In the same month the U.S. stamp was issued, a print of the photograph with Lange's handwritten notes and signature sold in 1998 for $244,500 at Sotheby's New York. In November 2002, Dorothea Lange's personal print of Migrant Mother sold at Christie's New York for $141,500. In October 2005, an anonymous buyer paid $296,000 at Sotheby's for the rediscovered 32 vintage, unretouched Lange photos—nearly six times the pre-bid estimate.
Death and aftermath 
"In the 1970s Thompson’s ten children bought her a house in Modesto, but she soon moved back into a mobile home. 'I need to have wheels under me,'" she was quoted as saying.
Thompson was hospitalized and her family appealed for financial help in late August 1983. By September, the family had collected $25,000 in donations to pay for her medical care. Florence died of "cancer and heart problems" at Scotts Valley, California on September 16, 1983. She was buried next to her husband George, in Lakewood Memorial Park, in Hughson, California, and her gravestone reads: "FLORENCE LEONA THOMPSON Migrant Mother – A Legend of the Strength of American Motherhood."
Daughter Katherine McIntosh told CNN that the photo's fame had made the family feel both ashamed and determined never to be as poor again.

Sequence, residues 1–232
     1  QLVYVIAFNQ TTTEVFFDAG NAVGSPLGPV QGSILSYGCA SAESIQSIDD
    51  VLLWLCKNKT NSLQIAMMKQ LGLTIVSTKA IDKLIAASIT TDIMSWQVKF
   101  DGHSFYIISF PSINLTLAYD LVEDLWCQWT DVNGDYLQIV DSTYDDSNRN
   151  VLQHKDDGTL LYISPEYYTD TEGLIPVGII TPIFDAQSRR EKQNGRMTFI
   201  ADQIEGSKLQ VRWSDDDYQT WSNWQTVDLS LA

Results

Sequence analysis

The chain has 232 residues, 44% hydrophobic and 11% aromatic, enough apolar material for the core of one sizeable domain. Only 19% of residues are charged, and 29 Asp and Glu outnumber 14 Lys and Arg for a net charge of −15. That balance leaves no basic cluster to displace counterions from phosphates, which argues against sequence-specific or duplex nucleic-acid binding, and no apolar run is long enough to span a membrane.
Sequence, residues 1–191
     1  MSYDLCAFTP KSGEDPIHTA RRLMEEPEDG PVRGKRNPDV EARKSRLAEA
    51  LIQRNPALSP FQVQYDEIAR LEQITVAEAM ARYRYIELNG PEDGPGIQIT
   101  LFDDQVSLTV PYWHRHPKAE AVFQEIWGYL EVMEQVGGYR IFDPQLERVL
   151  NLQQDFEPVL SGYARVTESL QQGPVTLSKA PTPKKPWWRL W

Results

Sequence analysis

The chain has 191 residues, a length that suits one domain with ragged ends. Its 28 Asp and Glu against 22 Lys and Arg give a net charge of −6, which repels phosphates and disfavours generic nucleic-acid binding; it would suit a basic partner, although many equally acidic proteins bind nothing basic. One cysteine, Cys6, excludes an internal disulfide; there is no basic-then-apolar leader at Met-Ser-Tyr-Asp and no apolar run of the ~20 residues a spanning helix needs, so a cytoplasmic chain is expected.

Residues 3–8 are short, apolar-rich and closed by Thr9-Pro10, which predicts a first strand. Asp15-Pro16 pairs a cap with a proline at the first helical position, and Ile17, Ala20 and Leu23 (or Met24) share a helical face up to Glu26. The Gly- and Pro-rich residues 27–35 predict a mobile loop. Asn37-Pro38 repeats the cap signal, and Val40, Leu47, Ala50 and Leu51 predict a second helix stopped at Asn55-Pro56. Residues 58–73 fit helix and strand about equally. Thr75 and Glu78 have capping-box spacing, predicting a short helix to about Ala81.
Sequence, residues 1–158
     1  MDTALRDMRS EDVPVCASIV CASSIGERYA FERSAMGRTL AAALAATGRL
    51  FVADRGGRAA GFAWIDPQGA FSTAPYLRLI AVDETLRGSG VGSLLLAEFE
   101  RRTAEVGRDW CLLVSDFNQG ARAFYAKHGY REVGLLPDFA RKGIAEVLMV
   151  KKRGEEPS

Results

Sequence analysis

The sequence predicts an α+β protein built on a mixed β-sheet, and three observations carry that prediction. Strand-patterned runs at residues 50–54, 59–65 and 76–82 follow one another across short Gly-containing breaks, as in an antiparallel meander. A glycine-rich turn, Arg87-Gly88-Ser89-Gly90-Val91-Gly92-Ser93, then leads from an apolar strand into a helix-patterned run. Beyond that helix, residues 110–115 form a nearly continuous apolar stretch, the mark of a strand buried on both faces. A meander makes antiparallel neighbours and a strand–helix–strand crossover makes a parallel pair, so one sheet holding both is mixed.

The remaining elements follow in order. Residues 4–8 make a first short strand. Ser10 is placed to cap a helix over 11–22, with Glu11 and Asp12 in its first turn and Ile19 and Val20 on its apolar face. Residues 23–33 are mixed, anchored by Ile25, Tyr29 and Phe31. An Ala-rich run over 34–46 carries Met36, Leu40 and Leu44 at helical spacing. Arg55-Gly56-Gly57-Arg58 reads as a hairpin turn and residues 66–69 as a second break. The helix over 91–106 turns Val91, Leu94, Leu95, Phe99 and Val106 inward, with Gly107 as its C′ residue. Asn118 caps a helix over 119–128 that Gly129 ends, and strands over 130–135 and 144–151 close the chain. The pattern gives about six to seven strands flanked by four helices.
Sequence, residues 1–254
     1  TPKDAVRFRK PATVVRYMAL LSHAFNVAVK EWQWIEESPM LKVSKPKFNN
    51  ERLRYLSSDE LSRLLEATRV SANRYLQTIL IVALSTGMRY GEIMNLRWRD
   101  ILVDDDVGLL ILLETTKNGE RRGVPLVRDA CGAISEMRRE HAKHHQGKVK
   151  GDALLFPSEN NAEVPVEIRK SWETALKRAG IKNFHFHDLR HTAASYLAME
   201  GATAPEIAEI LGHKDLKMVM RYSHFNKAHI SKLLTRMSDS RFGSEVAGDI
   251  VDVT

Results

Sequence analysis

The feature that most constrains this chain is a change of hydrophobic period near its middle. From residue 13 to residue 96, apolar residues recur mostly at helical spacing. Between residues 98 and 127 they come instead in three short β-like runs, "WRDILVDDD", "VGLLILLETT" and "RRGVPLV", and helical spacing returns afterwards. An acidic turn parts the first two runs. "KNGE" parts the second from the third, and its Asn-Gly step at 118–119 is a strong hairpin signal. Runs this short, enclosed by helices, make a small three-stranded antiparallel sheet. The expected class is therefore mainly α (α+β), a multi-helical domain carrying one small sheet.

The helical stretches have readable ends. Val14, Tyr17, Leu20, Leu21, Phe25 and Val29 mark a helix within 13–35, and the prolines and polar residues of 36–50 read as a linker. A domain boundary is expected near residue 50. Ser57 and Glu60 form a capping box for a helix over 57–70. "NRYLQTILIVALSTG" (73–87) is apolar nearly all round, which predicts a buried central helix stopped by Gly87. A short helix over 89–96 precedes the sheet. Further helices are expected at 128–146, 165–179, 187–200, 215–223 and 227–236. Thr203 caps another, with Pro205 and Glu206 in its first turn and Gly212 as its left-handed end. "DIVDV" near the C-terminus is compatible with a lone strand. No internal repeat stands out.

Son Troy Owens said that more than 2000 letters received along with donations for his mother's medical fund led to a re-appraisal of the photo: "For Mama and us, the photo had always been a bit of curse. After all those letters came in, I think it gave us a sense of pride."
The other five photographs 
Lange took six photos that day, the last being the famous Migrant Mother. These are the other five photos:
- Persons in picture (left to right) are: Viola (Pete) in rocker, age 14, standing inside tent; Ruby, age 5; Katherine, age 4, seated on box; Florence, age 32, and infant Norma, age 1 year, being held by Florence.
- Ruby has moved inside the tent, and away from Lange, in hopes her photo can not be taken. Katherine stands next to her mother. Florence is talking to Ruby, who is hiding behind her mother, as Lange took the picture.
- Florence is nursing Norma. Katherine has moved back from her mother as Lange approached to take this shot. Ruby is still hiding behind her mother.
- Left to right are Florence, Ruby and baby Norma.
- Florence stopped nursing Norma and Ruby has come out from behind her. This photograph was the one used by the newspapers the following day to report the story of the starving migrants.
- Library of Congress Prints and Photographs Division. fsa1998021539/PP Accessed July 14, 2008.
- Dunne, Geoffrey (2002). "Photographic license". New Times. Archived from the original on 2002-06-02.
- "Video featuring interview with Florence Thompson".
- "Florence Owen Thompson: audio from interview".
- The Tribune (San Luis Obispo) (June 17, 2007) Dorothea Lange captured suffering of itinerant workers near Nipomo.